New York Times Bestseller
What are the consequences if the people given control over our government have no idea how it works?
"The election happened," remembers Elizabeth Sherwood-Randall, then deputy secretary of the Department of Energy. "And then there was radio silence." Across all departments, similar stories were playing out: Trump appointees were few and far between; those that did show up were shockingly uninformed about the functions of their new workplace. Some even threw away the briefing books that had been prepared for them.
Michael Lewis’s brilliant narrative takes us into the engine rooms of a government under attack by its own leaders. In Agriculture the funding of vital programs like food stamps and school lunches is being slashed. The Commerce Department may not have enough staff to conduct the 2020 Census properly. Over at Energy, where international nuclear risk is managed, it’s not clear there will be enough inspectors to track and locate black market uranium before terrorists do.
Willful ignorance plays a role in these looming disasters. If your ambition is to maximize short-term gains without regard to the long-term cost, you are better off not knowing those costs. If you want to preserve your personal immunity to the hard problems, it’s better never to really understand those problems. There is upside to ignorance, and downside to knowledge. Knowledge makes life messier. It makes it a bit more difficult for a person who wishes to shrink the world to a worldview.
If there are dangerous fools in this book, there are also heroes, unsung, of course. They are the linchpins of the system—those public servants whose knowledge, dedication, and proactivity keep the machinery running. Michael Lewis finds them, and he asks them what keeps them up at night.
Michael Monroe Lewis (born October 15, 1960) is an American non-fiction author and financial journalist. His bestselling books include Liar's Poker (1989), The New New Thing (1999), Moneyball: The Art of Winning an Unfair Game (2003), The Blind Side: Evolution of a Game (2006), Panic (2008), Home Game: An Accidental Guide to Fatherhood (2009), The Big Short: Inside the Doomsday Machine (2010), Boomerang: Travels in the New Third World (2011) Flash Boys (2014), and The Undoing Project. His most recent book is called The Fifth Risk. He has also been a contributing editor to Vanity Fair since 2009...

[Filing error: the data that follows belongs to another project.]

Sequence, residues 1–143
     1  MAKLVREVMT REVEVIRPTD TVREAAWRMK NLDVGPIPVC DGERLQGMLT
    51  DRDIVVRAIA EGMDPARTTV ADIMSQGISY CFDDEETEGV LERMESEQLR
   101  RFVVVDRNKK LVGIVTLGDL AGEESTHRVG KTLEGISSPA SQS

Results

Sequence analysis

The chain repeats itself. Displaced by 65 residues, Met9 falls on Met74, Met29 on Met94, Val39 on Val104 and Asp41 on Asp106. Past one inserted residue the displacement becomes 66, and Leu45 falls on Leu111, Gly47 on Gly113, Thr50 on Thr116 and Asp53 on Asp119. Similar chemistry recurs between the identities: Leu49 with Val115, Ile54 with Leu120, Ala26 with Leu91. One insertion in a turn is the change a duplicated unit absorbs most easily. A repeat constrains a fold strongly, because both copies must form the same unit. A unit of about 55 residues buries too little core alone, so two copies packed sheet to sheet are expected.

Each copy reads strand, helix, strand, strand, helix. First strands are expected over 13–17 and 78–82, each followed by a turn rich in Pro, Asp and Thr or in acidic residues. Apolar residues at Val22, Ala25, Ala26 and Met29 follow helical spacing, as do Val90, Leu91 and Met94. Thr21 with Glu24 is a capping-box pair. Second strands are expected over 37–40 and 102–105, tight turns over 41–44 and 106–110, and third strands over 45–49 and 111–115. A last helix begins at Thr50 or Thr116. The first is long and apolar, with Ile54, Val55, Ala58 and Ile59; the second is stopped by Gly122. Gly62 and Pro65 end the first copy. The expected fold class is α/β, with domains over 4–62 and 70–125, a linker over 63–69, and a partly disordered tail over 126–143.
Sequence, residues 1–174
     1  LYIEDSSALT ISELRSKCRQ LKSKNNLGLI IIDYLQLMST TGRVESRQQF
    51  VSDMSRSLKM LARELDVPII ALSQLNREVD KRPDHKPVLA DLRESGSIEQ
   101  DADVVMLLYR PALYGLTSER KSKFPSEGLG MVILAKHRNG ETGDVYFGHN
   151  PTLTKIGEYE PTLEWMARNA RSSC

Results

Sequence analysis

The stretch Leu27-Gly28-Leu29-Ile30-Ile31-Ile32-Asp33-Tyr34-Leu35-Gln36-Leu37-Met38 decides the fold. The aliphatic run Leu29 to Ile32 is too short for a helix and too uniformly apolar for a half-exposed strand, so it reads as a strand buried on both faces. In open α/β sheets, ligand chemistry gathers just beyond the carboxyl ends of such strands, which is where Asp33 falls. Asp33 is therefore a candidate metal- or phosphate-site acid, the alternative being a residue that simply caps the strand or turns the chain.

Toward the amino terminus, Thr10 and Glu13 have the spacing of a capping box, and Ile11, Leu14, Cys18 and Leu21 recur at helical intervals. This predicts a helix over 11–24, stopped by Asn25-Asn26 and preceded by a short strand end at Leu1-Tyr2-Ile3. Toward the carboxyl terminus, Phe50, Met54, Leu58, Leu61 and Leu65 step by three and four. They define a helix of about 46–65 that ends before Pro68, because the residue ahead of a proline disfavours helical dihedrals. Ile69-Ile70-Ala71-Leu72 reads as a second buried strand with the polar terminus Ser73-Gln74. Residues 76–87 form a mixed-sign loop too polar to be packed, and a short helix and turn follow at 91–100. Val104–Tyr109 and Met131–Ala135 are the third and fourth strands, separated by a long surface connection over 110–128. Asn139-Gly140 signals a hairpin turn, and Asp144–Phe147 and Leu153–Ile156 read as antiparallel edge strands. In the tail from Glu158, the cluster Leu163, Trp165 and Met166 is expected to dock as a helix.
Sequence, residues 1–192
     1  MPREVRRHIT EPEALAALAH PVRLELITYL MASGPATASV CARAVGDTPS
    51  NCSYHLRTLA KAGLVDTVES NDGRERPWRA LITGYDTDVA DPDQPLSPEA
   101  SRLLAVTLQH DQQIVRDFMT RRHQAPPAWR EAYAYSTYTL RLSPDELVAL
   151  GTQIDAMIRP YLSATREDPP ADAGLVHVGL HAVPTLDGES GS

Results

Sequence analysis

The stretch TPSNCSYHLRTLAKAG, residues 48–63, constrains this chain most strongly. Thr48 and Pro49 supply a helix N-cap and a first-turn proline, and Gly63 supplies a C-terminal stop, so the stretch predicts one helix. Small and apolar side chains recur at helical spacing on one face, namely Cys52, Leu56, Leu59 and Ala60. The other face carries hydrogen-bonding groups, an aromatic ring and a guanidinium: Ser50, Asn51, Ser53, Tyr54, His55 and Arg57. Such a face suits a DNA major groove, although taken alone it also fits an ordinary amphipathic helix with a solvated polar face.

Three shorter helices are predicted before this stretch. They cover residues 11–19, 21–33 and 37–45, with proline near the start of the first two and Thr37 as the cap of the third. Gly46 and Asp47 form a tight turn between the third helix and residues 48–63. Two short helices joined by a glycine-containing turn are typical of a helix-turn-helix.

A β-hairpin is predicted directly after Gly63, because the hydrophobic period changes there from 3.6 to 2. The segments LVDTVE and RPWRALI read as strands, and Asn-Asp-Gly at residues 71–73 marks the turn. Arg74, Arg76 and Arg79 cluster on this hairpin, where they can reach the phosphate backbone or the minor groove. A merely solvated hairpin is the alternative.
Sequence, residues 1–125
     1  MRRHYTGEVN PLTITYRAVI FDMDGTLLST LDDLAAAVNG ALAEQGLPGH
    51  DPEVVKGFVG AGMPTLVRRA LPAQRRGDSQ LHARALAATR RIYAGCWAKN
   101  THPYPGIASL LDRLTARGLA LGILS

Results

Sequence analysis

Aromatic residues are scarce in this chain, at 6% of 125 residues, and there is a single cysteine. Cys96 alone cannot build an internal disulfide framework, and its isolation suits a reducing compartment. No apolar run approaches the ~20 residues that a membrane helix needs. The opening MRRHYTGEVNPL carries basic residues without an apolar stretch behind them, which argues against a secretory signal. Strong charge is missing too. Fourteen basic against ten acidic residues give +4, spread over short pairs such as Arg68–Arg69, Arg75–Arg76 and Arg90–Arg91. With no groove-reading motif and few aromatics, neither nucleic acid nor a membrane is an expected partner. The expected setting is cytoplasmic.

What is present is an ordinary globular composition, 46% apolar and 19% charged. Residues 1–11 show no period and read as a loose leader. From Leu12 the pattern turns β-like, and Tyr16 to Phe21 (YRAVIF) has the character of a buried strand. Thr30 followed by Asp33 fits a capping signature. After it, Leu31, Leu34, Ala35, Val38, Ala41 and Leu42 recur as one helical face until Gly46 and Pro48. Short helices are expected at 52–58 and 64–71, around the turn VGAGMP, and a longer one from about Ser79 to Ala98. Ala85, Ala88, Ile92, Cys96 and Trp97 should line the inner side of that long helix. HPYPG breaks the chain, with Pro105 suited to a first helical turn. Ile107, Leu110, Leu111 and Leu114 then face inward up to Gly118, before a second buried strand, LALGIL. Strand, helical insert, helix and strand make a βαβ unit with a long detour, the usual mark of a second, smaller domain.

Mr. Lewis does it again. One of my favorite authors. 55
I am a democrat, but blaming the right for this level of complexity is absurd. One or two managers out of 100,000 do not matter a bit. Please check on how long it took prior administrations took to build cabinets. In short, a very thin book with biased and thinner arguments. Remember, I am the resistance! 25
when will intelligent people realize liberal governing elites care only about themselves? This is just another rant without an understanding that many many government posts are nothing but patronage. 15
Full of interesting anecdotes and Lewis’ energetic style. And quite revealing as to Trump’s approach to transition (there wasn’t any) and some key appointees (figureheads at best). Many cabinet positions and departments were not addressed. And ones that were...maybe more on what might be the long term impact of the ignorance in DC. Entertaining and fast, but wanted more. 35
Another insightful book from Michael Lewis. He took what most of us would consider a boring subject and made it interesting. Americans should be happy with the government we have. Too many of us have succumbed to the propoganda of idealogues. 55
Yawn. Another boring Trump is so dumb, and the people who support him—ugh, so gross! Whereas, the eternally employed, never fired, bureaucrats who staff the behemoth that represents the modern state? Wow, they’re so great. And handsome/beautiful. And smart. Not once, not on any page of this book does the author take a step back and ask pertinent questions about the alleged horrors he imagines are assaulting the great, hulking edifice of the U.S. government. Why, for example, are there not enough appointees? (Answer: because the great bureaucratic behemoth purposely withholds necessary clearances, and those who make it past the post find themselves under constant harassment and bogus HR and Inspector General investigations.) Why do appointees discard briefing materials? (Answer: they’re written by the permanent bureaucracy, to benefit the bureaucracy and its nefarious outside lobbyist cabal.) Why are important programs being gutted? (Answer: because they aren’t important, are duplicated throughout the various departments of the U.S. Government, and waste untold billions of dollars on bureaucratic overhead.) Why aren’t the experts listened to by the barbarians at the gate? (Answer: because those experts got us into two 20 year wars that never seem to end, and bailed out the wretched Wall Street banksters who have hallowed out the country, but who never have to pay the price for their gambling.) All-in-all a boring, pedantic waste of time to make the author feel good about himself and his virtue. Yawn. 25
The Fifth Risk, the new book by Michael Lewis (Liar’s Poker, Moneyball, The Big Short), is a tour de force. His main message is that our federal government does a lot of good things that we don’t understand or properly appreciate; and that we have a lot of smart, decent, mission driven people working in it. That’s 90% of his message. The other 10% pans the incoming Trump administration for being unwilling and unable to grasp this or manage it. Leaving his politics aside, his stories about people and functions within relatively obscure agencies like Agriculture, Energy and Oceanic/Atmospheric are enlightening and breathtaking. 45
Surprising and revealing. Our government is actually a wonder - and I never knew. Seems the current Administration is happy to sit in the dark. 55
Best and lovely book ever 55